Feigning Free Speech on Campus

Today’s commentary is by Greg Lukianoff, the president of the Foundation for Individual Rights in Education, is the author of “Unlearning Liberty: Campus Censorship and the End of American Debate.”

DESPITE high youth voter turnout in 2008 — 48.5 percent of 18- to 24-year-olds cast ballots that year — levels are expected to return to usual lows this year, and with that the usual hand-wringing about disengagement and apathy among young voters.

Colleges and universities are supposed to be bastions of unbridled inquiry and expression, but they probably do as much to repress free speech as any other institution in young people’s lives. In doing so, they discourage civic engagement at a time when debates over deficits and taxes should make young people pay more attention, not less.

Since the 1980s, in part because of “political correctness” concerns about racially insensitive speech and sexual harassment, and in part because of the dramatic expansion in the ranks of nonfaculty campus administrators, colleges have enacted stringent speech codes. These codes are sometimes well intended but, outside of the ivory tower, would violate the constitutional guarantee of freedom of speech. From protests and rallies to displays of posters and flags, students have been severely constrained in their ability to demonstrate their beliefs. The speech codes are at times intended to enforce civility, but they often backfire, suppressing free expression instead of allowing for open debate of controversial issues.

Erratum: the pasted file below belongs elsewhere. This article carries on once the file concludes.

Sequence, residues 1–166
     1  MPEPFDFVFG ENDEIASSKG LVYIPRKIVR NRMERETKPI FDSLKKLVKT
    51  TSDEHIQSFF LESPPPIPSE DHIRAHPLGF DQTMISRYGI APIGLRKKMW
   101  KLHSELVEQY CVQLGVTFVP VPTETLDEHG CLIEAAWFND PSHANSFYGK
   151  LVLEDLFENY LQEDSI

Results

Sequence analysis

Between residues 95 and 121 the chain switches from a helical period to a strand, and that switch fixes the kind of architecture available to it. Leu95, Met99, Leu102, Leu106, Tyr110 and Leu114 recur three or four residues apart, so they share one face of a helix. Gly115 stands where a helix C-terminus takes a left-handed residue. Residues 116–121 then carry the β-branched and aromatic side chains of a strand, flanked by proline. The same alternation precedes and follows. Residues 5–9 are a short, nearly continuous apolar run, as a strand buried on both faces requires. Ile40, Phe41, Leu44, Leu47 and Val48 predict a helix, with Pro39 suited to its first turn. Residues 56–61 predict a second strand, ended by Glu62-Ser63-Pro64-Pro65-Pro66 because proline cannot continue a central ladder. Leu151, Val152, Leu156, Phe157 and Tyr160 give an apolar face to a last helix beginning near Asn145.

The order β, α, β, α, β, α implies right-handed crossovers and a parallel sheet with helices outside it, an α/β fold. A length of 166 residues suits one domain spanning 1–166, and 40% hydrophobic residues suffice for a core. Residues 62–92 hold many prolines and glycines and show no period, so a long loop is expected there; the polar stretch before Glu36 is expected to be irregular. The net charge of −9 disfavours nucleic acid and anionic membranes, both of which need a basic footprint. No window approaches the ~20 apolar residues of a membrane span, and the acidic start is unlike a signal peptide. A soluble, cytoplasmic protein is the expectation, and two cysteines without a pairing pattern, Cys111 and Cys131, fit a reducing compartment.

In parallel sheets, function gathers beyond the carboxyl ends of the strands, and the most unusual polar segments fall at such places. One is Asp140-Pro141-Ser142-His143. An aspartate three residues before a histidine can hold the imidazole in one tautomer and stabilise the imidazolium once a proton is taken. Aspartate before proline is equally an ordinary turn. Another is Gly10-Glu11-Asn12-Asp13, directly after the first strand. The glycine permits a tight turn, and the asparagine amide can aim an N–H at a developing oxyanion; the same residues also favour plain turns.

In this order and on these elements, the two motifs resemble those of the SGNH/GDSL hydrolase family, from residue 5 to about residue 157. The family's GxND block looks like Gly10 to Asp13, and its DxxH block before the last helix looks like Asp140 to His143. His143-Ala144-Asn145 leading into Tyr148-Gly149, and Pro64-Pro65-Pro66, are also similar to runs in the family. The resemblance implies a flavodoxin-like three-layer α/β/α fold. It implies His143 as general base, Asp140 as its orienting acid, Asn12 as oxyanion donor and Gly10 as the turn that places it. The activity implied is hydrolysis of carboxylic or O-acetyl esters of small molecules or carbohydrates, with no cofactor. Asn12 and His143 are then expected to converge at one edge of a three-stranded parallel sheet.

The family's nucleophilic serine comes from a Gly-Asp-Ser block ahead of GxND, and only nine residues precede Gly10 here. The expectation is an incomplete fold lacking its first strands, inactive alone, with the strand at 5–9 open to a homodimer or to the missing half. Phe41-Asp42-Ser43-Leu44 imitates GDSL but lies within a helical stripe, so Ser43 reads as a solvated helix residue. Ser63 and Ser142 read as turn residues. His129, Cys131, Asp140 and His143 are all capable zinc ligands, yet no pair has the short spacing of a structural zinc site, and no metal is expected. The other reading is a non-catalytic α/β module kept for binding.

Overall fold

Last month, Christopher Newport University in Newport News, Va., forbade students to protest an appearance by Representative Paul D. Ryan, the Republican vice-presidential nominee. Why? According to university policy, students must apply 10 business days in advance to demonstrate in the college’s tiny “free speech zone” — and Mr. Ryan’s visit was announced on a Sunday, two days before his Tuesday visit.

Also last month, a student at Ohio University in Athens, Ohio, was blocked from putting a notice on her door arguing that neither President Obama nor Mitt Romney was fit for office. (She successfully appealed.) And over the summer, a federal judge struck down the University of Cincinnati’s “free speech zone,” which had limited demonstrations to 0.1 percent of the campus. <Read more.>

Via Greg Lukianoff, The New York Times.